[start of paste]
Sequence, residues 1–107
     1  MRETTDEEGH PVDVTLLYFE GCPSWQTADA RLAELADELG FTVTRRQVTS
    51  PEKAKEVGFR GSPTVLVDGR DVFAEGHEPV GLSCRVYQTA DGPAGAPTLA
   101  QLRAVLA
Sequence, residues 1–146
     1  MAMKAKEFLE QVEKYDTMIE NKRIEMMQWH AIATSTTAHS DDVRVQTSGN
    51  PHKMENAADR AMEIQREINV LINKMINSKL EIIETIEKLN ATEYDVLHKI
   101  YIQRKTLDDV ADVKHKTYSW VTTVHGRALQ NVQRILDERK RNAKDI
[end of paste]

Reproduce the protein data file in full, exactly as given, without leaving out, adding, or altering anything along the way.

Sequence, residues 1–107
     1  MRETTDEEGH PVDVTLLYFE GCPSWQTADA RLAELADELG FTVTRRQVTS
    51  PEKAKEVGFR GSPTVLVDGR DVFAEGHEPV GLSCRVYQTA DGPAGAPTLA
   101  QLRAVLA
Sequence, residues 1–146
     1  MAMKAKEFLE QVEKYDTMIE NKRIEMMQWH AIATSTTAHS DDVRVQTSGN
    51  PHKMENAADR AMEIQREINV LINKMINSKL EIIETIEKLN ATEYDVLHKI
   101  YIQRKTLDDV ADVKHKTYSW VTTVHGRALQ NVQRILDERK RNAKDI